3DHAB - High‐resolution 3D terrain models of cold‐water coral HABitats in Blanes Canyon

Access/Technology provider: IFREMER, Sea Trials and HROV Ariane [UC-03]

End User: Institute of Marine Sciences (ICM‐CSIC), Spain [Academia]

Dates: 12‐02‐2020 to 21‐02‐2020

Goals: The main objective of 3DHAB consisted of the detailed mapping and characterization of the vertical seafloor habitats hosting cold-water corals (CWCs) in Blanes Canyon (NW Mediterranean), using the mapping tools offered by the hybrid remotely operated vehicle (HROV) Ariane. This task was part of the research activities planned to be conducted onboard the R/V Sarmiento de Gamboa, linked to the ongoing Spanish project ABRIC (Assessment of Bottom‐trawling Resuspension Impacts in deep benthic Communities), led by the Principal Investigator who submitted this TNA proposal.

 The mapping tools offered by the H‐ROV Ariane allowed to map with unprecedented detail (i.e., sub-metric resolution) three study sites of Blanes Canyon characterized by steep (vertical and overhanging) seafloor terrains hosting CWCs. The technological innovation aspect of this project relied on the challenge of mapping vertical

and overhanging submarine canyon walls and on acquiring photo‐mosaics in this type of complex topographies. As part of the 3DHAB and ABRIC projects, and during the first leg of the ABRIC‐1 cruise onboard the R/V Sarmiento de Gamboa, the H‐ROV Ariane surveyed and mapped three study areas in Blanes Canyon susceptible of hosting CWCs. Two sites, the ones that were originally planned in the 3DHAB proposal, located on the canyon head and surrounded by fishing grounds, and a third one located on the eastern canyon flank, away from fishing grounds (Figure 30). Most of the diving time was devoted to map the seafloor (investing 2 days on each area), and the time for photo‐mosaics were limited to short trials at the end of two specific dives. Based on the mapping capabilities of the H‐ROV Ariane, the survey lines were separated ~130 m among them, and the MBES was mounted in a 45º configuration (Figure 30A). This configuration allowed to map both the flat terrains on the canyon axis and terraces, and the vertical and overhanging canyon walls. The H‐ROV navigated at ~40 m off the bottom in the flat areas, and as it approached the vertical sections of the canyon flank, maintained the same distance off the canyon wall, using the frontal sonar as a reference. In this way, the swath coverage was maintained relatively constant throughout the surveyed line. The acquisition software allowed to visualize in real time the surveyed areas (to avoid gaps) and see on the same screen, in a 3D point cloud terrain model, the current position of the H‐ROV and the weight containing the electronics . This was a novel and very useful ability for this type of scientific exploration. The preliminary processing of the acquired multibeam data allowed to grid the digital terrain model at 40 cm. During the photomosaic trials, the H‐ROV navigated at ~5 m off the bottom, acquiring at the same time multibeam data at much higher resolution.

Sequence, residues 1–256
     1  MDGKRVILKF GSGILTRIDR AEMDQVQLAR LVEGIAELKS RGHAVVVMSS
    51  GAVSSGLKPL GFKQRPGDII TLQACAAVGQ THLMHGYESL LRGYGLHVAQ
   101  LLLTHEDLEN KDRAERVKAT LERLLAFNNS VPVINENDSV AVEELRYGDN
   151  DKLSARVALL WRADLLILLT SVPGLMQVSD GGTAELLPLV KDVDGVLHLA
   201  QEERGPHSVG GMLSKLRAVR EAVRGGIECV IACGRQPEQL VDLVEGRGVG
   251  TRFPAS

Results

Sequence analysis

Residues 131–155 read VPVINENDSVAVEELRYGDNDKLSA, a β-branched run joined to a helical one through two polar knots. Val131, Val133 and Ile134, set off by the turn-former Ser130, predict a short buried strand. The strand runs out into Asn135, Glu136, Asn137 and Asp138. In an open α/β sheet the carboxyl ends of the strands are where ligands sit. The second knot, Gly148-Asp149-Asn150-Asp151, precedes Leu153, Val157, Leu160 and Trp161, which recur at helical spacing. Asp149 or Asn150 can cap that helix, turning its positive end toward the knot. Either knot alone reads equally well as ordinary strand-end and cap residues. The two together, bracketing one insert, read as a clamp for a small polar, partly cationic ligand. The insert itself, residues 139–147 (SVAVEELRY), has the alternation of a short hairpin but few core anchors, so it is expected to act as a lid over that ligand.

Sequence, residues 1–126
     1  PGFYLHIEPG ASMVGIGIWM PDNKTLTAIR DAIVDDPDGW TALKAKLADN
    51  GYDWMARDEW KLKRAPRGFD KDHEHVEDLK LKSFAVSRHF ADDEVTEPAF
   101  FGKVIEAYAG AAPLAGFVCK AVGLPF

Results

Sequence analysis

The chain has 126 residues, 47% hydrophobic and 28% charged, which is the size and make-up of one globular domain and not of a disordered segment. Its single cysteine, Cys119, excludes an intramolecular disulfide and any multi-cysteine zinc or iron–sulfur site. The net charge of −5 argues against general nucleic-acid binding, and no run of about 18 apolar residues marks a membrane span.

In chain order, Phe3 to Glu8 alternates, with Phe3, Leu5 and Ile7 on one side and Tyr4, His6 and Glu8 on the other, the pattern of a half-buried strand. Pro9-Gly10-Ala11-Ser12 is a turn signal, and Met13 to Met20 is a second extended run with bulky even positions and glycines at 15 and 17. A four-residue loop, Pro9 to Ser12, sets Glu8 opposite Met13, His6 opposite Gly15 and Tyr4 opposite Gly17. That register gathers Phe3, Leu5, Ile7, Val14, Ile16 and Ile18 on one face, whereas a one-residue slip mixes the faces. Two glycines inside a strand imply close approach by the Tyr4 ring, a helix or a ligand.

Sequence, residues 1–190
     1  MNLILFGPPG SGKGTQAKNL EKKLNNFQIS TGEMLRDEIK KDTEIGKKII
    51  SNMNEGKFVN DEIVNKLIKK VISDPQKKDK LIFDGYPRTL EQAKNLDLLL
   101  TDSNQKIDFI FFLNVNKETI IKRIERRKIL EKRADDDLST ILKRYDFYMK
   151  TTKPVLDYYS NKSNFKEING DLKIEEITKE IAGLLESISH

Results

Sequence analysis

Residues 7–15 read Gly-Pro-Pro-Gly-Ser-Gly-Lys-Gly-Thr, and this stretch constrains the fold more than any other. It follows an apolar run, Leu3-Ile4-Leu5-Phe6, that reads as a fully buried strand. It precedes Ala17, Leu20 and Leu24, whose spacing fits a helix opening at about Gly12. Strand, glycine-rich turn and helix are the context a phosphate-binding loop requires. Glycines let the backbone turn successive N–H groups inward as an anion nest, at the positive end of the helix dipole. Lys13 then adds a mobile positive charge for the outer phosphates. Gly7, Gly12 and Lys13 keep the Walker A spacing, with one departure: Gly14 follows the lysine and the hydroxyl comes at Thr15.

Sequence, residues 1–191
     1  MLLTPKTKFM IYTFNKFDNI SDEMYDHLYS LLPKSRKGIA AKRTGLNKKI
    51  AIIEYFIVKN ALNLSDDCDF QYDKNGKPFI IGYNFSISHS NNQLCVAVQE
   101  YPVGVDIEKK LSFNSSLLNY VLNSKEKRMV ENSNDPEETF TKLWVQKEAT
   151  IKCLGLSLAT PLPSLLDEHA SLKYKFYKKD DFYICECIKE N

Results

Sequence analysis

The dissemination plan of this project mainly includes the presentation of the obtained cruise results in scientific meetings, via conference presentations, invited talks, seminars or workshops, and their subsequent publication in specialized scientific journals. Additionally, the activities and results of the ABRIC & 3DHAB cruise were disseminated to the general public and the social media through the Twitter account @ABRICProject. The dissemination of the 3DHAB results will also address the various stakeholders supporting the ABRIC project (i.e., NGOs, fishermen guilds and policy advisors and decision‐makers of the fishing sector).